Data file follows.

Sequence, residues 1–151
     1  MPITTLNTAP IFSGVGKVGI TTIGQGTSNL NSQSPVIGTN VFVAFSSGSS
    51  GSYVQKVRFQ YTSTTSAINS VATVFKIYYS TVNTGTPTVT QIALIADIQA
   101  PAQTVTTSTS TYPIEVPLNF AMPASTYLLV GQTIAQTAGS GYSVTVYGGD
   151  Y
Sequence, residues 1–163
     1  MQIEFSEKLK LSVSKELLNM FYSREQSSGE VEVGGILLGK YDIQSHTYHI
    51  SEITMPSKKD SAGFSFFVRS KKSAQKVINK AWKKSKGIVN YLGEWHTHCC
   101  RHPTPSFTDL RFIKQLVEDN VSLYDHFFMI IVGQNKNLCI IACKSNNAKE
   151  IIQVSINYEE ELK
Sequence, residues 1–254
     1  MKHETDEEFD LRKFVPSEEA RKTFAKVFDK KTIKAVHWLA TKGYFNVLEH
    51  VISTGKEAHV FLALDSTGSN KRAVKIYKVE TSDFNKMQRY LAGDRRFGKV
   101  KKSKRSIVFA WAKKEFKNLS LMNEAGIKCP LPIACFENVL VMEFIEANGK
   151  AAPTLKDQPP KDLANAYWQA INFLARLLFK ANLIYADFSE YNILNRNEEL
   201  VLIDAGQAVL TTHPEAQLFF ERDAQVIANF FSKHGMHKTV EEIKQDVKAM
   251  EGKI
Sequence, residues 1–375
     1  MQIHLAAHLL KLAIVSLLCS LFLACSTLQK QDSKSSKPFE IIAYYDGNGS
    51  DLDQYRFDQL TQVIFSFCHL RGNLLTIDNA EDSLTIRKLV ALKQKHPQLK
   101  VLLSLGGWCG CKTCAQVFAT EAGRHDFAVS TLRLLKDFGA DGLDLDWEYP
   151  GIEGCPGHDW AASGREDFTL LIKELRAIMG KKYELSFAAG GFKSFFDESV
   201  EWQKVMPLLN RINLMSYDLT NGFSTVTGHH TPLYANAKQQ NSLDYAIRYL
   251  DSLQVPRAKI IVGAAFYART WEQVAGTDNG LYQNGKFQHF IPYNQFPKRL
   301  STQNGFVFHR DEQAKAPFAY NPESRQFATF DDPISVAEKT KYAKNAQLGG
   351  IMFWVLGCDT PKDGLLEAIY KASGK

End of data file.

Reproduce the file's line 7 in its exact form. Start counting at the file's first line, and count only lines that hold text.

     1  MQIEFSEKLK LSVSKELLNM FYSREQSSGE VEVGGILLGK YDIQSHTYHI